Their answer was yes (of course), citing various folks. Do we care about organic? Is it GMO free? Are the farmworkers safe? Etc. They didn't ask the question about how far the food had traveled, or how it was grown. And certainly, there are a lot of us (who receive their e-newsletter) who DO like to know that (at least some of) our food is grown or raised nearby, whether veggies, meat, or eggs.
But the response was prompted by a piece in the Washington Post, which essentially said it depends on how you ask the question.
We have a lot of folks living in our county who are doing well to put food on their tables, really, and this was an eye-opening piece for me (not having been a mom), about how picky children are as eaters.
I'm getting ready to plant late winter/early spring vegetables, and reviewing a program I'll be doing for the NC Arboretum next week on Sustainable Kitchen Gardening.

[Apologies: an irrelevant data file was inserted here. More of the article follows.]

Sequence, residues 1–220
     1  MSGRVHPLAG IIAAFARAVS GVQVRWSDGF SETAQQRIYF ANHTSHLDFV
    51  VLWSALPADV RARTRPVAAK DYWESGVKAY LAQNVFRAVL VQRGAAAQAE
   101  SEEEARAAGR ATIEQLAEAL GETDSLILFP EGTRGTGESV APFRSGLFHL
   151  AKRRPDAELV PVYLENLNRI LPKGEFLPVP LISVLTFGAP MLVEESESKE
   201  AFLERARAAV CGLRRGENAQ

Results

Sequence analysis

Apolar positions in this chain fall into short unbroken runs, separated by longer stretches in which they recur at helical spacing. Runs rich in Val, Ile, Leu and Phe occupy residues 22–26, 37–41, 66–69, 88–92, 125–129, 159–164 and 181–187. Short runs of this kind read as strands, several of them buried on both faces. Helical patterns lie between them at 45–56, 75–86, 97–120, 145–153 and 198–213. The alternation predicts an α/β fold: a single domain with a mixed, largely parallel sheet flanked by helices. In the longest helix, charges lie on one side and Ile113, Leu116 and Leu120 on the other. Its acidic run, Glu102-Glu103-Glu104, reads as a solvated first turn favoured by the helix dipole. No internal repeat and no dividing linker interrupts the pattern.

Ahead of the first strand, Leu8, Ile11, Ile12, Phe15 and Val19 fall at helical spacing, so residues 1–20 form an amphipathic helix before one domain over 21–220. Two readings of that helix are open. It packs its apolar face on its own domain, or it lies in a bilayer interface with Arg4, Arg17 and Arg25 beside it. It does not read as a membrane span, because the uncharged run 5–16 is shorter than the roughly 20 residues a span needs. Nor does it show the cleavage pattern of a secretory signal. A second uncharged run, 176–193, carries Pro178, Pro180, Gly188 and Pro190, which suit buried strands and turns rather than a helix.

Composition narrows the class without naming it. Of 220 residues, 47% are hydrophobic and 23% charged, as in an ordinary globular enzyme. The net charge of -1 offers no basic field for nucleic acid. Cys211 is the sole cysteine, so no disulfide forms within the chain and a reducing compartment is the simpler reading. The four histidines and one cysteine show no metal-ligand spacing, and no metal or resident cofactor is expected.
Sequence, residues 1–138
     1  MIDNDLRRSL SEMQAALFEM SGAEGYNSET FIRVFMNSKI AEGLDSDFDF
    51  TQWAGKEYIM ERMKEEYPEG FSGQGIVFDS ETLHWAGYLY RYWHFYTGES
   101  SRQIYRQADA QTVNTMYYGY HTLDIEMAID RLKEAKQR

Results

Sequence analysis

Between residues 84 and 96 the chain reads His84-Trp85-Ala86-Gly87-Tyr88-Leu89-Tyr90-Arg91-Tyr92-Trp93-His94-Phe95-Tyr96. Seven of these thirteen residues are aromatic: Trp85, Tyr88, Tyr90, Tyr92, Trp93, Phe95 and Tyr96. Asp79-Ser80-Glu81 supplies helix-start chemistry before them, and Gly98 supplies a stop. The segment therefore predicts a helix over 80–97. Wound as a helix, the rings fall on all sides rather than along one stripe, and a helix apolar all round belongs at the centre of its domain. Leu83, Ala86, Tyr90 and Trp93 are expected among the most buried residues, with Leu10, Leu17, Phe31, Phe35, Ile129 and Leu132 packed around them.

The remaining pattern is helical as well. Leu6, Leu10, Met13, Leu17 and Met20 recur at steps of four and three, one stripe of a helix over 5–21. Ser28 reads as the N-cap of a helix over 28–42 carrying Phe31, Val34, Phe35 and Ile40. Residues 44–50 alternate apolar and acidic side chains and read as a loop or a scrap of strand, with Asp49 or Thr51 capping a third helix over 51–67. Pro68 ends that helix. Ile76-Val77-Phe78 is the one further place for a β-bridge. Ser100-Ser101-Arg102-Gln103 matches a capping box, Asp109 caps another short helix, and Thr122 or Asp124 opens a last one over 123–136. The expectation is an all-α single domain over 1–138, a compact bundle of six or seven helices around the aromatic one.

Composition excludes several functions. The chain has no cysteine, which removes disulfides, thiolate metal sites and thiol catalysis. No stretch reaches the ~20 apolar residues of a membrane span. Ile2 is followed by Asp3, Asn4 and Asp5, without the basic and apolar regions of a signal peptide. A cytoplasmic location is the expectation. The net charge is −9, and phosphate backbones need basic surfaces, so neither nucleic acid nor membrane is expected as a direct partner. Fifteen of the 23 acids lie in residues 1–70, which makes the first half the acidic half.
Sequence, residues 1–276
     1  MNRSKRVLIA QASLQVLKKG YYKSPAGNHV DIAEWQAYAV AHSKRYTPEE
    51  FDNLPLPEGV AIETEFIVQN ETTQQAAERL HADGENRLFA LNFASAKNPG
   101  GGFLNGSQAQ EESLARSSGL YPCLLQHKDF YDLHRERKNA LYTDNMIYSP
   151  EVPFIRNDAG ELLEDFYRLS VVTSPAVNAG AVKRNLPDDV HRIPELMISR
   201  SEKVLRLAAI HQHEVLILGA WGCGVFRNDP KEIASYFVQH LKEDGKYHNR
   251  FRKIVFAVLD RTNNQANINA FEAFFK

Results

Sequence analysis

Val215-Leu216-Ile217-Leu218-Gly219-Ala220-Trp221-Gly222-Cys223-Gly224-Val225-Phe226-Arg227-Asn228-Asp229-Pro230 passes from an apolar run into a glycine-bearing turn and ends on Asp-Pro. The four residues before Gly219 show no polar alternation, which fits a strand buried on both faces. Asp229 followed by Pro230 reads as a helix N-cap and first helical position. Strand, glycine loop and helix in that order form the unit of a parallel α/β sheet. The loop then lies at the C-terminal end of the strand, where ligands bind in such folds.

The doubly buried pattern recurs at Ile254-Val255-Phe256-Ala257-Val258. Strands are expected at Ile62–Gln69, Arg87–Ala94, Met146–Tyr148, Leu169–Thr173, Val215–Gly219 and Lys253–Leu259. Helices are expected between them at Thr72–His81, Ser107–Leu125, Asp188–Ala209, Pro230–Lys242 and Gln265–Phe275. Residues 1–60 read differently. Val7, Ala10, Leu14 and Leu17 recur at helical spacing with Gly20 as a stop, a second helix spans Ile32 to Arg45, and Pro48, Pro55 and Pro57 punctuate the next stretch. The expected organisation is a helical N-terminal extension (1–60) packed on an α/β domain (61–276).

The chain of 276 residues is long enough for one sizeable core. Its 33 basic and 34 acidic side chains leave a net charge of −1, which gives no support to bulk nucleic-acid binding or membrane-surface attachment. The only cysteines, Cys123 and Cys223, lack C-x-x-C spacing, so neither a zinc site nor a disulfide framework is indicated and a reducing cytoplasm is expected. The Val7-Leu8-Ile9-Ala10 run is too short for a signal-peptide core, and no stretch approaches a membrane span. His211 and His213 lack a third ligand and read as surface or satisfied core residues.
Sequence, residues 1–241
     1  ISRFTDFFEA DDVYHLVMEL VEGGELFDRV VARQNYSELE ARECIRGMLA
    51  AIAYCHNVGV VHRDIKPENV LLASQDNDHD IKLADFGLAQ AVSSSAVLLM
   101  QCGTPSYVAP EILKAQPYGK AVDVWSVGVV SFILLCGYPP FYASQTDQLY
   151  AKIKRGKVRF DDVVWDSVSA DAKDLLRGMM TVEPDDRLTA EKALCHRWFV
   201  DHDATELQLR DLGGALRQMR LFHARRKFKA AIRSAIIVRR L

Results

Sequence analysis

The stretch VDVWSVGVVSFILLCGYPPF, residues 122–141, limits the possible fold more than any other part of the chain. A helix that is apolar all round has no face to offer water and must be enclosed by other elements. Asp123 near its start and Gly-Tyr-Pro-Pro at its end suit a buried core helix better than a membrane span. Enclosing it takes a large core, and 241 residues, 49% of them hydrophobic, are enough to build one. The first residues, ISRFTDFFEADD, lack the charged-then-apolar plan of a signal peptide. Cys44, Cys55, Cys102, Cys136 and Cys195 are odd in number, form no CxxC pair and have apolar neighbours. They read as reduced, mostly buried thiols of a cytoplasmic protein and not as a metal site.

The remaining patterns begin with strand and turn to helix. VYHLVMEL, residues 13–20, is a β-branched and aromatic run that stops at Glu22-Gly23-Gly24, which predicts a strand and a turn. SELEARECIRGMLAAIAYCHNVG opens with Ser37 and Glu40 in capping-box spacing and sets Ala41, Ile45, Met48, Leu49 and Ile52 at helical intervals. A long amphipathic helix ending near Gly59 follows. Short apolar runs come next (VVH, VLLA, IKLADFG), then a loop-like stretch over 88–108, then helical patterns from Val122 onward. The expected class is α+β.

I'm now growing a lot of vegetables in basically 4 raised beds, with additional beds on the side of the house and below, but nothing like the space I used to have down in our Piedmont garden. But we still have more than enough--even in cold winters, although I don't have any overwintering greens, again!
I still have tomatoes and green beans from last summer's harvest, as well as fruits from the farmer's markets, and sweet potatoes and butternut squash from my generous friend.
So fresh greens will be welcome from sowings this weekend. (In the meantime, they're coming from far away, perhaps from places like we visited in Guatemala, but probably largely from California and Mexico.)
|vegetable fields in the Western Highlands of Guatemala|